Edward Miliband: Carbon capture and storage technology has huge potential to turn coal into a clean fuel of the future. While it has only been demonstrated at small scale, our plans will be among the largest demonstration projects in the world and we hope will drive us towards the successful deployment of CCS in developed and developing countries.
Edward Miliband: Carbon capture and storage is essential in the battle against climate change, because of the global reliance on coal in the energy mix, now and in the future. Our policy is to show leadership on this issue as a way to improve our energy security, help provide jobs for the future and bring down carbon emissions.
Mr. Kidney: Last year the Government announced their intention to mandate smart electricity and where relevant gas metering for all households in Great Britain. This will be a major project involving the installation of about 47 million smart meters. We have set an indicative timetable for a completion of the roll-out by the end of 2020. We published a consultation on aspects of implementation on 11 May 2009. The consultation is available on the open consultations section of the DECC website. Obviously replies are still being received to this consultation, the closing date is not until 3 August and all responses received will be considered.
In addition, officials have met with numerous organisations and individuals to discuss smart metering issues, including energy supply companies, network operating companies, metering businesses, consumer organisations and others with an interest in smart metering.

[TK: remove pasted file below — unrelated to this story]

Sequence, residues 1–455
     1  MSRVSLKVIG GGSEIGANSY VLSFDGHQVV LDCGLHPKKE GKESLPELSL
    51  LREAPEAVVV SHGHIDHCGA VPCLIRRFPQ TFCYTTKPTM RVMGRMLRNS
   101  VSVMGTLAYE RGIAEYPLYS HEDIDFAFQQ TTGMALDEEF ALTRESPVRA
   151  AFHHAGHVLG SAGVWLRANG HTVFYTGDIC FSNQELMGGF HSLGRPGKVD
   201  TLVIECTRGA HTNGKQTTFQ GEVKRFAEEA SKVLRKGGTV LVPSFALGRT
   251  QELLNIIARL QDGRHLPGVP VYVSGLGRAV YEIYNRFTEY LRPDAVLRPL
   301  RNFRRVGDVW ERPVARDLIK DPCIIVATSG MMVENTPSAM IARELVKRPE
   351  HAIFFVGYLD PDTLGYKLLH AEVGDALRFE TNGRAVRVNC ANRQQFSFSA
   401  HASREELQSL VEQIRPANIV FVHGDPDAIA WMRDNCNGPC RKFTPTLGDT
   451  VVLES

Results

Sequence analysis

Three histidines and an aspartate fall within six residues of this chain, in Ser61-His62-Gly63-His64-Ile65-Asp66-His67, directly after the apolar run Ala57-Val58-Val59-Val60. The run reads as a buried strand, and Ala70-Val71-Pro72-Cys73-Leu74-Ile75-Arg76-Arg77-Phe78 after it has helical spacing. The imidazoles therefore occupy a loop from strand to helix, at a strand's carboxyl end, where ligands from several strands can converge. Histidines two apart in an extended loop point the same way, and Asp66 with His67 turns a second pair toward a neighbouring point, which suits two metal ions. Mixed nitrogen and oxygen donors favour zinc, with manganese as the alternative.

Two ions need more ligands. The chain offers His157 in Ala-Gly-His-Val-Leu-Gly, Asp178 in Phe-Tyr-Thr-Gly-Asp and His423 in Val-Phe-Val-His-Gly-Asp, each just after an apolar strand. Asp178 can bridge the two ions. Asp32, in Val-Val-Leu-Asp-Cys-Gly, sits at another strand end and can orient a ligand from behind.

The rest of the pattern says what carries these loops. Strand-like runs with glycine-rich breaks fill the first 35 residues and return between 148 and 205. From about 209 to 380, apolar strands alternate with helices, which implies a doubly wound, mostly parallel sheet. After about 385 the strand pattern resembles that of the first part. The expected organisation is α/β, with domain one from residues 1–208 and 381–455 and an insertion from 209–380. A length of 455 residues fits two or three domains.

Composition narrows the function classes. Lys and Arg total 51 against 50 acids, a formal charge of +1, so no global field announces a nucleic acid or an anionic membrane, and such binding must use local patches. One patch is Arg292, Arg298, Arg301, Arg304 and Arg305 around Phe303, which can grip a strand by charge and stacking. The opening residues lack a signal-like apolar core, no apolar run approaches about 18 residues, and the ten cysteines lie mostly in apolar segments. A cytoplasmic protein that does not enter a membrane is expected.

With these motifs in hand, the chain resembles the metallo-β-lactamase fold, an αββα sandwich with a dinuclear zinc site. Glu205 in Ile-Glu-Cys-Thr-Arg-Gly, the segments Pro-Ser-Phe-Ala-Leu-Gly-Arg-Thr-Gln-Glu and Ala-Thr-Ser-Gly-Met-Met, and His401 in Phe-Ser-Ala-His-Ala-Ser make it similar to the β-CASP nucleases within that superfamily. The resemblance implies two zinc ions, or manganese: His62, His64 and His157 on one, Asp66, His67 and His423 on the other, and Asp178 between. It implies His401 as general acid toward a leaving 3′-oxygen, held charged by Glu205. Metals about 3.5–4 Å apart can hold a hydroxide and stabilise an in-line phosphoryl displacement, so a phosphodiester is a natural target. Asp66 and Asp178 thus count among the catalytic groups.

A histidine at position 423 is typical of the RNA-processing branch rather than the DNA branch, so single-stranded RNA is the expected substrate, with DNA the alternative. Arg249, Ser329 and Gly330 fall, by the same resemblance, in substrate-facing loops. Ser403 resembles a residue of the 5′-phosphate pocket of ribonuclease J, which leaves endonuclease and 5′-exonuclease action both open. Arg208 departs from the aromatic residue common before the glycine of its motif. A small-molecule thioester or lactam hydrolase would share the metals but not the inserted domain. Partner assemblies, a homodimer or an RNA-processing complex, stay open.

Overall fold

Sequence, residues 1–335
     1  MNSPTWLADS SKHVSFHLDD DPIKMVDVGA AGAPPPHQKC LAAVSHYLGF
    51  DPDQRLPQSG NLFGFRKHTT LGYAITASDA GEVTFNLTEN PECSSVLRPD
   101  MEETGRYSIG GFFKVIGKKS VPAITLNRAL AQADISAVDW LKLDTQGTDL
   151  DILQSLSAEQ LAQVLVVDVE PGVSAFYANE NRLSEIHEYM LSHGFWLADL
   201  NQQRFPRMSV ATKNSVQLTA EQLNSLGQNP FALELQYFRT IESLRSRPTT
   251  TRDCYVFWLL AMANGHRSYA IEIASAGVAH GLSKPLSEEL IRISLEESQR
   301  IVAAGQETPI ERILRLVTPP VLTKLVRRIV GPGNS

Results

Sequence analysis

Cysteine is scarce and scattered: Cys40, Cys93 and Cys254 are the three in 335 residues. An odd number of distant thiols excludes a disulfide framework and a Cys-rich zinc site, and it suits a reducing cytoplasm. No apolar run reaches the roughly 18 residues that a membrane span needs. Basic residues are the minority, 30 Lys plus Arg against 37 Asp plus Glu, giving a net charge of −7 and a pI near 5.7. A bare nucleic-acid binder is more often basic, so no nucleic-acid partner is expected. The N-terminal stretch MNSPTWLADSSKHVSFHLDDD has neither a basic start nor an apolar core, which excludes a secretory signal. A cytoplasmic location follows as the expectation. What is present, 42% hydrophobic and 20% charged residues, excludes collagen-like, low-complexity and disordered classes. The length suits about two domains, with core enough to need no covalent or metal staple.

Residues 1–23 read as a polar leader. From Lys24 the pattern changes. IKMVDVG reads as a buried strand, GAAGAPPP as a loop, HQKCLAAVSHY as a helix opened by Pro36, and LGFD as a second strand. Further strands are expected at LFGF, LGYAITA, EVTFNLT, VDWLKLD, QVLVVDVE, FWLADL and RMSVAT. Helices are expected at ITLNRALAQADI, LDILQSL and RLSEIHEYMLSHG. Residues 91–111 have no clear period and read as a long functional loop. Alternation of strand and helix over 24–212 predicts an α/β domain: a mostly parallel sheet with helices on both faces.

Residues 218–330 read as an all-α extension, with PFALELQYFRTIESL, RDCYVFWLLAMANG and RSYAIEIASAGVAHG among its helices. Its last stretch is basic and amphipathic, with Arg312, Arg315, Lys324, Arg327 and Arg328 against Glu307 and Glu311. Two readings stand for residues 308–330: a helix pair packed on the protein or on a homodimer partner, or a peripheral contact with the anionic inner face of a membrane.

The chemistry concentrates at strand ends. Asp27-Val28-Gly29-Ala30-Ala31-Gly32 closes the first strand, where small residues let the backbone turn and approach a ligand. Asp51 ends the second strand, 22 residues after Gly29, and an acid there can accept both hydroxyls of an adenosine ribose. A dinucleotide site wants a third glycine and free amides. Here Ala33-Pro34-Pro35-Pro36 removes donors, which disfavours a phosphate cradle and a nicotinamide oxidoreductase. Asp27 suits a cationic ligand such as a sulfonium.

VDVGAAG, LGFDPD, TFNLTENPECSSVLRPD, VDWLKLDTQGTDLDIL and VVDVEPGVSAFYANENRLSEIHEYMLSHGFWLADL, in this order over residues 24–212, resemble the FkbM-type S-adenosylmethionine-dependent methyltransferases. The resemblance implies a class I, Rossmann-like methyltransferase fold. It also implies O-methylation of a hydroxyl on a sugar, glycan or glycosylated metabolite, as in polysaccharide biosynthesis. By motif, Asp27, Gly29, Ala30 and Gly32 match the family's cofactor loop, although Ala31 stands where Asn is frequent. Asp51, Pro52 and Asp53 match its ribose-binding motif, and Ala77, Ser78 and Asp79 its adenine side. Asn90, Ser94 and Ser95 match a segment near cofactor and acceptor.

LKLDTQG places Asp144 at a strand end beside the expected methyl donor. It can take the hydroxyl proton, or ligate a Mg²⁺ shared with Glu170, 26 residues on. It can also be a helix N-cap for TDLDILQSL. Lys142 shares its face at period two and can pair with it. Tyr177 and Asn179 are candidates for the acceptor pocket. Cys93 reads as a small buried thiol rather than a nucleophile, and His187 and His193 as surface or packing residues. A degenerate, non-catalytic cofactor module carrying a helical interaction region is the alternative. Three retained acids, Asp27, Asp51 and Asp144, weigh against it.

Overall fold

Mr. Kidney: Global energy demand and wholesale prices have fallen since peaks last year. It is essential that falls in wholesale costs reach consumers. This is why we asked Ofgem to provide quarterly reports on price movements.
Ofgems most recent report found that margins are around historic levels, and falls in costs appear to be being passed on to consumers. We expect suppliers to continue to pass on any sustained falls in wholesale costs.
23. Mr. Dunne: To ask the Secretary of State for Energy and Climate Change what estimate he has made of the proportion of electricity generated from (a) solar and (b) other renewable sources in the latest period for which figures are available. 
Mr. Kidney: In 2008, a very small proportion (0.004 per cent.) of electricity was generated from solar. However, in total, renewable generation grew by 10 per cent. during 2008, and accounted for 5.5 per cent. of total electricity generation.